Boris Smus

interaction engineering

Sapiens (audio)

Yuval Noah Harari presents an outside view of humanity, from the perspective of a complete outsider, an alien with no particular interest in the human species. This is fascinating.

The scope of the book is very broad and often high level, starting with physics and chemistry 13.5 billion years ago at the dawn of the universe. Then, he turns to biology, which begins 3.8 billion years ago on earth, and finally to history and the cognitive revolution which starts about 70,000 years ago. Since then, 12,000 years ago, we had agriculture, which sped up the cognitive revolution. More recently, 500 years ago, the scientific revolution really turned it up a notch. The orders of magnitude of difference are appropriately humbling.

I liked the distinction between objective, subjective, and inter-subjective. The latter meaning something that exists within the communication network linking the subjective consciousness of many individuals. If a single individual changes his or her beliefs, or even dies, it is of little importance.

Also striking was Harari's disdain for the agricultural revolution. He claims that it made most people worse off. The general point being that "history's choices are not made for the benefit of humans".

Another major theme is the unification of humankind, which compounds inter-subjective effects since societies grow bigger and bigger. Over time, cultures coalesce and form bigger and more complex civilisations. Even though today's civilizations seem to be clashing, they actually agree on many things, for example money. "For thousands of years, philosophers, thinkers, and prophets have besmirched money and called it the root of all evil. Be that as it may, money is also the apogee of human tolerance."

On religion, Harari has insights as well:

So, monotheism explains order, but is mystified by evil. Dualism explains evil, but is puzzled by order. There is one logical way of solving the riddle: to argue that there is a single omnipotent God who created the entire universe - and He's evil. But nobody in history has had the stomach for such a belief.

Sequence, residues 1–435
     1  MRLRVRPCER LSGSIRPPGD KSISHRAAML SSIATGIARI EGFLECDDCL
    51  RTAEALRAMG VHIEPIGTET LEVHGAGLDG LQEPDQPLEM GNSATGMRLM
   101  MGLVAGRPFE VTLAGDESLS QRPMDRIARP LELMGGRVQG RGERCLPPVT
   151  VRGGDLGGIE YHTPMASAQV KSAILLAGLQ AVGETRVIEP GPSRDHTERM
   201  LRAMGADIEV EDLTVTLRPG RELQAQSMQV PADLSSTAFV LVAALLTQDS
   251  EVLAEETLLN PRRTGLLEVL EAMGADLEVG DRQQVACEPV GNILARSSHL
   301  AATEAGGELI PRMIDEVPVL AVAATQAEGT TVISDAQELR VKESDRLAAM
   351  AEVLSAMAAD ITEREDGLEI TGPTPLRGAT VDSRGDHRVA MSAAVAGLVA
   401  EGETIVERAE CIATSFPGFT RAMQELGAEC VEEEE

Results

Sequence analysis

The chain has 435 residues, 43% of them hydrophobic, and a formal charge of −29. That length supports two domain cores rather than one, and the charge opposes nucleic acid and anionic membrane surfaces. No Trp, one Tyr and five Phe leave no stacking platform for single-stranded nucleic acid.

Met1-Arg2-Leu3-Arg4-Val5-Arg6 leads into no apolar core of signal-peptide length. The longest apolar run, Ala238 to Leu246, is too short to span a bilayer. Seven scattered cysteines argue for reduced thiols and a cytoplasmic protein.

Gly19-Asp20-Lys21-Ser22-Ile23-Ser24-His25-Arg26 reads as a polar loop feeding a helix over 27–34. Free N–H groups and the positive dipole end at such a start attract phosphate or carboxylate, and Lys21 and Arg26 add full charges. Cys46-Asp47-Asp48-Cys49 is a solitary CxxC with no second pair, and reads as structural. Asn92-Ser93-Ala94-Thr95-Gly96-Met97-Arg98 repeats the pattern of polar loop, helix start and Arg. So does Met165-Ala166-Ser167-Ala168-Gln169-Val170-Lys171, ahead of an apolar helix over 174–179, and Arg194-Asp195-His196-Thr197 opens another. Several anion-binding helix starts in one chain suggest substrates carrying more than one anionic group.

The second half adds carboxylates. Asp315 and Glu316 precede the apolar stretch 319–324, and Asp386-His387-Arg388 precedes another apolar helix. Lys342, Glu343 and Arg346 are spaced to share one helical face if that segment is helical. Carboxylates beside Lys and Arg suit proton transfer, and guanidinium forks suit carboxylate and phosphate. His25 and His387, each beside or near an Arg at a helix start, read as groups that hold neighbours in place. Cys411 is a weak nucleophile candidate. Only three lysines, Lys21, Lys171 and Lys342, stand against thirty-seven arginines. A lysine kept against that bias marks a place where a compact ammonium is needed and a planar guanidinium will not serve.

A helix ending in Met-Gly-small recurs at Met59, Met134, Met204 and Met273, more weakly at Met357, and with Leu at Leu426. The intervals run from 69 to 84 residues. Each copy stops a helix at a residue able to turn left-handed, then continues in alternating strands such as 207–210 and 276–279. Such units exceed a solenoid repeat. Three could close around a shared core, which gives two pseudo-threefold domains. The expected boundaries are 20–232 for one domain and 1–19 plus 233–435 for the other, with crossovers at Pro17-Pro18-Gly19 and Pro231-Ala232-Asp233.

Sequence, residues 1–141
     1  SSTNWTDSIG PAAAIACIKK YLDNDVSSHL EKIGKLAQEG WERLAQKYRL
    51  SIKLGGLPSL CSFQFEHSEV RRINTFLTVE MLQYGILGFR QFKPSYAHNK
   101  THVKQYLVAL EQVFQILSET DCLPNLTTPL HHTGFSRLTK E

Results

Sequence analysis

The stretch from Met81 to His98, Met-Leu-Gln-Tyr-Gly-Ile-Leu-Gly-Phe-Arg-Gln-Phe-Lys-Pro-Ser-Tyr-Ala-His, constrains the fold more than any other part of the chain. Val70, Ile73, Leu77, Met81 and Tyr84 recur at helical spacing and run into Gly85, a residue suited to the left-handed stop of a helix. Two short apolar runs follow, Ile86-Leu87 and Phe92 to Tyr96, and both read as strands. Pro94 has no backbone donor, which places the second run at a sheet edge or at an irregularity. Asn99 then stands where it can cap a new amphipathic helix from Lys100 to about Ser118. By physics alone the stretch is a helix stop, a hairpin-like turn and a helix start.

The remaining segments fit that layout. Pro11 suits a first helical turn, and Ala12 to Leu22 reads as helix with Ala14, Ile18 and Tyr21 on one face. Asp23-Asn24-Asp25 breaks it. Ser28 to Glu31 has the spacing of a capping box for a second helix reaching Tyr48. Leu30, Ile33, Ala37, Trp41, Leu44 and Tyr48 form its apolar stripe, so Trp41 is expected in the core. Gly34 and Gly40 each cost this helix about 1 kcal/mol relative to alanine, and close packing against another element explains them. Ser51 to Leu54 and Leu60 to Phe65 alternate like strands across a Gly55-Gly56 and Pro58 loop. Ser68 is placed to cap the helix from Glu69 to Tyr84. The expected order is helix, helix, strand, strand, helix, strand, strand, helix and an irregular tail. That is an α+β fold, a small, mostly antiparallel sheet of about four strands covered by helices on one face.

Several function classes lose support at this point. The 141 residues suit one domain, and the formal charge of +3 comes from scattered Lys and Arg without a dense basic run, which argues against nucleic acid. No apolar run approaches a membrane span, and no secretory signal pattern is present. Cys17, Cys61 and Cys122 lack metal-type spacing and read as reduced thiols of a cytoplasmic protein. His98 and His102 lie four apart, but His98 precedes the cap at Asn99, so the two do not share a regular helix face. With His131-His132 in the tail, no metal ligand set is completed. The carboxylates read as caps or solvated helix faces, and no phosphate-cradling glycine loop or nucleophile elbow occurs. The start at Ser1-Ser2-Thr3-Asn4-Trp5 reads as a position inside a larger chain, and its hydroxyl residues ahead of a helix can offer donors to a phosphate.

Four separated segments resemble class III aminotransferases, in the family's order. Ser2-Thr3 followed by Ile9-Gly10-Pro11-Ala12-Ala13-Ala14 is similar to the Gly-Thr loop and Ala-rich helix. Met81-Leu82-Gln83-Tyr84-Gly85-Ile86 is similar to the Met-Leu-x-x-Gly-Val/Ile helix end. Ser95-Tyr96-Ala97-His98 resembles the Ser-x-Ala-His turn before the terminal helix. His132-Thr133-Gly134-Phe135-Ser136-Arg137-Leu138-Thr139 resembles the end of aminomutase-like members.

Also, interestingly, he considers most "isms" to be religions. And this leads to interesting analyses. Harari delves deeply into humanism which he breaks down into three kinds:

  1. Liberal humanism: that 'humanity' is a quality of individual humans, and that the liberty of individuals is therefore sacrosanct.
  2. Socialist humanism: hold as sacred not the inner voice of each individual, but the species Homo sapiens as a whole.
  3. Evolutionary humanism: humankind is not something universal and eternal, but rather a mutable species that can evolve or degenerate.

The latter has a long connection to Nazism, but Harari suggests (and I agree) that modern biology is really pushing us back into that vein.

On the scientific revolution, Harari echoes the rational sentiment of accepting ignorance. As soon as you truly accept that you do not know, you leave the door open to new insights.

The Scientific Revolution has not been a revolution of knowledge. It has been above all a revolution of ignorance. The great discovery that launched the Scientific Revolution was the discovery that humans do not know the answers to their most important questions.

Overall, very worth a read (or listen, as I did).